Feds Sues Ill. Saying New Law Hinders Illegal Immigration Crackdown

September 26, 2007

The Federal government is suing Illinois over a new state law it says complicates federal efforts to crack down on illegal immigration.

The Illinois law would prevent employers from participating in a federal program that verifies whether workers are legally authorized to work in the United States until a federal database is more accurate.

The U.S. attorney’s office for central Illinois filed the lawsuit Monday, asking a federal judge to block implementation of the law.

The voluntary federal program, created by Congress in the mid-1990s, helps companies verify employees’ identity and employment eligibility in an effort to reduce the hiring of illegal immigrants.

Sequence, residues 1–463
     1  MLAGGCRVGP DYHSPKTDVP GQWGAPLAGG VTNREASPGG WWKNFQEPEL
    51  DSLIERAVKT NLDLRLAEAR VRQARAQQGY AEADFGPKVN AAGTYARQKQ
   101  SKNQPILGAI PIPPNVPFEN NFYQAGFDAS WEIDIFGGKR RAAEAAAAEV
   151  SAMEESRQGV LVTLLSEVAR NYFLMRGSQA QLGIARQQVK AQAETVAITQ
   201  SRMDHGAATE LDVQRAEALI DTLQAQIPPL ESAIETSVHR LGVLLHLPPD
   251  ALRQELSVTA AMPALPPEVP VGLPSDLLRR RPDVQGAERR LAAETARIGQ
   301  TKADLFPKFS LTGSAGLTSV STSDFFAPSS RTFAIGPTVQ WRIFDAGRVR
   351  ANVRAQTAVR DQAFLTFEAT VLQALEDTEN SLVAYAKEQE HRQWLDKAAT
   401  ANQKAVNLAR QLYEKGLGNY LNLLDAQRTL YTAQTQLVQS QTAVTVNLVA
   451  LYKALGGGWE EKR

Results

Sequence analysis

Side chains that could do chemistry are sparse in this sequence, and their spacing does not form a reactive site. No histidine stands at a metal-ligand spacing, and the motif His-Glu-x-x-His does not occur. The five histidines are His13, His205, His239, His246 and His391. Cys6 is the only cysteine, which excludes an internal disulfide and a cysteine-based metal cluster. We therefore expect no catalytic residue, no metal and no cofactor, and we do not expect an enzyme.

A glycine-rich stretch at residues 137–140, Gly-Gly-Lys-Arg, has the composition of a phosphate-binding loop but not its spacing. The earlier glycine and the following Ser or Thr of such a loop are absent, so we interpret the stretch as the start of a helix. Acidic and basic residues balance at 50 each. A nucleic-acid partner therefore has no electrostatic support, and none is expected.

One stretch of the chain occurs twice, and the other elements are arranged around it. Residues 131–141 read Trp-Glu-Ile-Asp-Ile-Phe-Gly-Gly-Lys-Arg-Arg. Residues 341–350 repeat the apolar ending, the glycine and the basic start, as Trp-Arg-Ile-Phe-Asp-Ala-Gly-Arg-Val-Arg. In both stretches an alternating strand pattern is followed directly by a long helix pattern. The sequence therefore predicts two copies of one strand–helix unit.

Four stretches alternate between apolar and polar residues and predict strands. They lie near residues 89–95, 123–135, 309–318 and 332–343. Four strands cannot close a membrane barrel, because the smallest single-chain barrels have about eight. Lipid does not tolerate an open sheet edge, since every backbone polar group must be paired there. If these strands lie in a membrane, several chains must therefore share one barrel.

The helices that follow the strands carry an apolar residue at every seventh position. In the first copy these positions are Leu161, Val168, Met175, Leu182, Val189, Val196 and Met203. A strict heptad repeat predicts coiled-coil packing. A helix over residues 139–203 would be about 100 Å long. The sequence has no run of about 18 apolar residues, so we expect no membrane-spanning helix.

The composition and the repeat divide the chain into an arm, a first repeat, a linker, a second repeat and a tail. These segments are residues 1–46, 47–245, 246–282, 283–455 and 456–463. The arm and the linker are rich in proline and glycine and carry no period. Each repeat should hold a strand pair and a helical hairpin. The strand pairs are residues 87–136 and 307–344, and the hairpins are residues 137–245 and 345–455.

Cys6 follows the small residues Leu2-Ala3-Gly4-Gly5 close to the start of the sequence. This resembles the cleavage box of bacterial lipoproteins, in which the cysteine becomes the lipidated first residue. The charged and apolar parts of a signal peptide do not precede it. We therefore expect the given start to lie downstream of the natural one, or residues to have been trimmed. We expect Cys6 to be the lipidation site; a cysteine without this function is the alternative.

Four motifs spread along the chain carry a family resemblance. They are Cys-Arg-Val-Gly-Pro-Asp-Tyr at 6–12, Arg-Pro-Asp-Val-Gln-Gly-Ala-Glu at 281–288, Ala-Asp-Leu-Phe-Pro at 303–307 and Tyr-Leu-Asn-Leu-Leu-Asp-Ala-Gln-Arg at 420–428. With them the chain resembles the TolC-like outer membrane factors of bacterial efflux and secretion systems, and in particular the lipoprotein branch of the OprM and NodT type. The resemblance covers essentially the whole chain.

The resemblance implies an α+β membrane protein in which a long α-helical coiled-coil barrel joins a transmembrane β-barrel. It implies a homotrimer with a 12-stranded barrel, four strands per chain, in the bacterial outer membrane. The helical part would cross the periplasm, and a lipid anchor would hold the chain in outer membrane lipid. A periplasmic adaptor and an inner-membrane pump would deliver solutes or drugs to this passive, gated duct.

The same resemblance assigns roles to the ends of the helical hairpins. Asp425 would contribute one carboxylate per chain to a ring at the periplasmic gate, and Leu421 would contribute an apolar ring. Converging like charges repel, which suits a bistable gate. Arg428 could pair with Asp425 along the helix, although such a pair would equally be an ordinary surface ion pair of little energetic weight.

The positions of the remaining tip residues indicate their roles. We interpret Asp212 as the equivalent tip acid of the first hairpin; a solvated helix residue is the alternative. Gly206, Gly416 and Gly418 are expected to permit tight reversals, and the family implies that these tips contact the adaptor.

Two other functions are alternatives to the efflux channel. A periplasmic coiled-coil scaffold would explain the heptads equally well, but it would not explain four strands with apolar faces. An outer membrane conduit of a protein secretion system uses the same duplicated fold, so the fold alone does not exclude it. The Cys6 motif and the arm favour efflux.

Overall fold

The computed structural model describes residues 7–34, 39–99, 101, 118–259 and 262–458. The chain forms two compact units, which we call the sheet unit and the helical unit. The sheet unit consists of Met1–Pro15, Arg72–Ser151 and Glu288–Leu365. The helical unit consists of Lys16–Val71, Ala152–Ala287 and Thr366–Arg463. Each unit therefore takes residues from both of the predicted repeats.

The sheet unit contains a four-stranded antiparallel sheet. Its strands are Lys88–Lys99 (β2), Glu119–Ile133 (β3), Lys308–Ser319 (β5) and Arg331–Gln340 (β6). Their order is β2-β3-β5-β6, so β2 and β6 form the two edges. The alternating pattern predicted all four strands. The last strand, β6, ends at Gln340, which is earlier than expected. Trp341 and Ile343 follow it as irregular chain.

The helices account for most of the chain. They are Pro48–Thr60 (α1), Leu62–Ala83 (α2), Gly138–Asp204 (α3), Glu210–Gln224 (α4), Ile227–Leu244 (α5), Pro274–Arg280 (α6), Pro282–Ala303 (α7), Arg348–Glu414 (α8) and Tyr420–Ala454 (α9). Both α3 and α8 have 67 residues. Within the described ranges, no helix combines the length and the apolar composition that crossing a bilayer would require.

The new Illinois law, approved by state lawmakers and signed into law by Gov. Rod Blagojevich last month, bars companies from participating in the program unless they get notice of workers’ ineligibility within three days in 99 percent of cases. It is to go into effect Jan. 1.

The lawsuit contends the 750 Illinois employers participating in the program would essentially be excluded because of the stricter notification requirement. The government now advises employers of eligibility within a day in about 93 percent of cases, the lawsuit states.

The Illinois law “frustrates our ability to assist employers in making sure their work force is legal,” said Carl Nichols, a deputy assistant U.S. attorney general.

A spokesman for Illinois Attorney General Lisa Madigan said the office was still reviewing the federal complaint.

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